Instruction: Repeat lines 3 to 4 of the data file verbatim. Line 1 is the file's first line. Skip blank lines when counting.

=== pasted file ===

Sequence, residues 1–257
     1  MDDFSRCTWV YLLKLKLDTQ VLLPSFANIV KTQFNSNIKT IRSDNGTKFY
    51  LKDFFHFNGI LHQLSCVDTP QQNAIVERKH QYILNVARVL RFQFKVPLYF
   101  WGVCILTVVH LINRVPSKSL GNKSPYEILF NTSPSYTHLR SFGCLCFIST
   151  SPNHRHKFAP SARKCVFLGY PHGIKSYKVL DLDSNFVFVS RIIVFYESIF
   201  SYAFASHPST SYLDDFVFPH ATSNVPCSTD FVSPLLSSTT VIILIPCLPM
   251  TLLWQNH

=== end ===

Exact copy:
    51  LKDFFHFNGI LHQLSCVDTP QQNAIVERKH QYILNVARVL RFQFKVPLYF
   101  WGVCILTVVH LINRVPSKSL GNKSPYEILF NTSPSYTHLR SFGCLCFIST